Block Diagram of the Computer Turning to the block diagram of the computer 10, its principal constituents are given in FIG. 3. There are two principal calculator assemblages 20 and 40, for respectively determining total needs and present net worth. The assemblage 20 includes a calculator unit 20-1 for the guaranteed income fund in accordance with the settings of knobs Fl through F5, and a security fund calculator unit 20-2 controlled by knobs F6 through F9.
The assemblages 20 and 40 are selectively connected to the indicating unit 60 through a switch unit 50 and are powered from a common power supply with respective positive and negative voltages. Consequently, for one setting of the switch S1 the positive terminal of the indicating unit 60 can be connected to the corresponding tenninal of the assemblage 20 to give an up-scale total needs" reading. For a second setting of the switch S1 the negative terminal of the indicating unit 60 can be connected to the corresponding terminal of the assemblage 40 to give an upscale net worth" reading. Finally, for a third setting of the switch Sll the positive and negative terminals of the assemblages 20 and 30 can be connected to the positive terminal of the indicating unit 00 to give a difference reading, without requiring a substraction network or another indicating unit. I
Additionally, the computer 110 includes an investment calculator unit 80, as controlled by knobs Ill through 13. To help balance the load on the power supply 70, the investment calculator unit is connected to the net worth assemblage 40. Investment readings appear on the indicating unit through the switch unit 50.
Circuitry of the Computer Circuitdetails for the block diagram of FIG. 3 are illustrated in FIGS. 4A and 08. The designations of the overall blocks in FIGS. 4A and 4B are the same as for FIG. 3.
Beginning with the total needs" unit 20, its constituents 20-1 and 20-2 are two ladder networks that are energized over a bus 30 from the positive polarity terminal of the power supply 70. The negative polarity terminal of the power supply 70 extends to a ladder network of the net worth unit 40 and the investment calculator unit 80. Both the positive and negative polarity terminals of the power supply 70 are voltage sources.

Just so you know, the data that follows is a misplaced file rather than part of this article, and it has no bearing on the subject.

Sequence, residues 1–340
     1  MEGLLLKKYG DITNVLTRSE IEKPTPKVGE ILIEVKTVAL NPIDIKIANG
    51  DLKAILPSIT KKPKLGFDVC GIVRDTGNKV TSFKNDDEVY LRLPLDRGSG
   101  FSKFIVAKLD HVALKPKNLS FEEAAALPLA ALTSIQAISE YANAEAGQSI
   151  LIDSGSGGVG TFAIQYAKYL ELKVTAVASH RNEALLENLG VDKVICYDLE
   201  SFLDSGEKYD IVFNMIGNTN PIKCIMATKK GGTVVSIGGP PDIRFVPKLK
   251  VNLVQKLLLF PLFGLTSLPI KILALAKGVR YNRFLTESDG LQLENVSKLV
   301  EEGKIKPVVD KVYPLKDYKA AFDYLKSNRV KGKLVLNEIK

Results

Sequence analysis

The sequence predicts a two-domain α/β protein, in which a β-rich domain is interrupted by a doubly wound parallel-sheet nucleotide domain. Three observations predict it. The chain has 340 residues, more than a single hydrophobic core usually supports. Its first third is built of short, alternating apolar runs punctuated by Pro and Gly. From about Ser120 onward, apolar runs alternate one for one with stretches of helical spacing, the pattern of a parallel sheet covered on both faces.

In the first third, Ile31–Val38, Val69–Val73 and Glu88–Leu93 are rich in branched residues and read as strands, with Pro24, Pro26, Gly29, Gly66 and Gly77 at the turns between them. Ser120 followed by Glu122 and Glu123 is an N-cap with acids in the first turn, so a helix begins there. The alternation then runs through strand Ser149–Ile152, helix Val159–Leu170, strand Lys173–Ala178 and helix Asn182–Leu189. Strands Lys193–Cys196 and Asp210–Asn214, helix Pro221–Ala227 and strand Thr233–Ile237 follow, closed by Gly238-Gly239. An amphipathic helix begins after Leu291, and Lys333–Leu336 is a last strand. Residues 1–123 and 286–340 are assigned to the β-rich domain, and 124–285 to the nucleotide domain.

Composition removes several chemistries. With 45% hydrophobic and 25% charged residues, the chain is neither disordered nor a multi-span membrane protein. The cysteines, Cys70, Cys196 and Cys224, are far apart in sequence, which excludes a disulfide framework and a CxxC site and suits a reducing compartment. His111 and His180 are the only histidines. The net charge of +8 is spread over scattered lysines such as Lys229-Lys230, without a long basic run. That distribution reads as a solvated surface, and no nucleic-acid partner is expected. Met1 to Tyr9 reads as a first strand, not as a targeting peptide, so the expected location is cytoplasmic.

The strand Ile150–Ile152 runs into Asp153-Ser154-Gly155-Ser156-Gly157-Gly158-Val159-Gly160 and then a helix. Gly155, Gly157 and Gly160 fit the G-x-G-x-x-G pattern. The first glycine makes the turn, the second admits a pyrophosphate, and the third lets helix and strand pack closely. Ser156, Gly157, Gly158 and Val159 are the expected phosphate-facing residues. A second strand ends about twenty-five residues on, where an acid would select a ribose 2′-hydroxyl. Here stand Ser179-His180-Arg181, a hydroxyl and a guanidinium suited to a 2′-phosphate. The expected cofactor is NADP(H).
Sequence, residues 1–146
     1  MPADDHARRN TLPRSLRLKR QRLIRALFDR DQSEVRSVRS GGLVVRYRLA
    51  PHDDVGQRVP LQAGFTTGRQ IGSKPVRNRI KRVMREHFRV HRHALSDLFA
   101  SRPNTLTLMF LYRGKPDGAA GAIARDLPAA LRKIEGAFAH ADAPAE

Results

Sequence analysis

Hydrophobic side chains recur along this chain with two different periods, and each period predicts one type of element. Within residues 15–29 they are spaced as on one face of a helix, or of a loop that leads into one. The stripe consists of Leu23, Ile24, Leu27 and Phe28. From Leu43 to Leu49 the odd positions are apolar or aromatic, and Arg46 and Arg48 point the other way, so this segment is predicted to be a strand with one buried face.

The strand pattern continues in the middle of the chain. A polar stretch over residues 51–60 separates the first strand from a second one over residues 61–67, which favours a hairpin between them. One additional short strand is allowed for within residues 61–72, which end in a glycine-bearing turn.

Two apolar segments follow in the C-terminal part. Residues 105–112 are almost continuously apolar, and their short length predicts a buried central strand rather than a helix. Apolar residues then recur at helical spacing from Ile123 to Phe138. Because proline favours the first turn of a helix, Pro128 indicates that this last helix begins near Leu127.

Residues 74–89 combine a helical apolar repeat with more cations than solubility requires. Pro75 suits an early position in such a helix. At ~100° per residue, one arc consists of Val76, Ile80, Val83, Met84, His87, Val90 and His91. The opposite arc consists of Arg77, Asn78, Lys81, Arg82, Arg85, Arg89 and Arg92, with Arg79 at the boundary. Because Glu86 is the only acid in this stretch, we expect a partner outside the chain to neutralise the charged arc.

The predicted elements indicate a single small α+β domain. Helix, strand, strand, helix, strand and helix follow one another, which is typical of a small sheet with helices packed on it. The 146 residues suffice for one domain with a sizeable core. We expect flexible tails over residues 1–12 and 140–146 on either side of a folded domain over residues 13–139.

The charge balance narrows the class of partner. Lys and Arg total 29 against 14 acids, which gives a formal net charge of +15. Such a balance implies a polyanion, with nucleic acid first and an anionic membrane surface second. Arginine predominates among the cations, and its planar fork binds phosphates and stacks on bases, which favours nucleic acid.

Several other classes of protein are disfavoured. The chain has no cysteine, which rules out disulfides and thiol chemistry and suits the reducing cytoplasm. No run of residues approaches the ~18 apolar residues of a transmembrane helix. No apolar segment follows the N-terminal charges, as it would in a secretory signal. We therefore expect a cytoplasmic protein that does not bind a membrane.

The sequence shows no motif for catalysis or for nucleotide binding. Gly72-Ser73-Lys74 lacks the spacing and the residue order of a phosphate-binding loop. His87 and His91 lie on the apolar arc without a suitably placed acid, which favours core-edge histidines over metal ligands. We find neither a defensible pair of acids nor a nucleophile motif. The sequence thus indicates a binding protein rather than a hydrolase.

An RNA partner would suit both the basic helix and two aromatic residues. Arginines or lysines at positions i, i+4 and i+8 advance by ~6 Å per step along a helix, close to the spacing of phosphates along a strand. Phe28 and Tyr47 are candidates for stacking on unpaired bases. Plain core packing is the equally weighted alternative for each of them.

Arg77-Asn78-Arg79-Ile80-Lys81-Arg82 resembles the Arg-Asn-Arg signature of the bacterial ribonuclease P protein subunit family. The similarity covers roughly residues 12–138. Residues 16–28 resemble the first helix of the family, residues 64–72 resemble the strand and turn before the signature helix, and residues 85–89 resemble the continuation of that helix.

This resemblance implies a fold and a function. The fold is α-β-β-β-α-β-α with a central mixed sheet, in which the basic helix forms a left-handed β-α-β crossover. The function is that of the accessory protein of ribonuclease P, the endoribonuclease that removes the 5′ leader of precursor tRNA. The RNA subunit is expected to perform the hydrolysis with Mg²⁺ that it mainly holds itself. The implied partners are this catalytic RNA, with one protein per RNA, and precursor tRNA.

Income Fund Calculator Unit In the income fund calculator unit 20-1, there are individual sets of resistive elements for the critical period, blackout period, and lifetime" calculations.
The elements used in determining the fund for the critical period monthly payments are the potentiometers 22a, 22b, and 22c, and the fixed resistor 22d. Elements 22a and 22b desirably have relatively low-resistance magnitudes and are connected in series between the bus 30 and the ground to form one rung of the ladder network in the unit 20-1. Consequently, the potentiometers 22a and 22b serve as a voltage divider with respect to the potentiometer 220. The latter desirably has a resistance magnitude at least times greater than that of the shunt potentiometer 22b in order to have a negligible loading effect upon it. With the setting of the element 22a fixed, variations in the tap position of the potentiometer 22b will produce voltage variations across the potentiometer 220 in accordance with the years" setting of the knob Fl. This voltage, as seen by the fixed resistor 22d is in turn modified by the setting of the income" knob F2. The result is that the voltage applied to the resistor 22d is proportional to the product of years and income and is converted to a counterpart magnitude of current by the resistor 22d. For that purpose the resistor 22d is desirably of substantially greater resistance magnitude than its associated elements 22a through 220.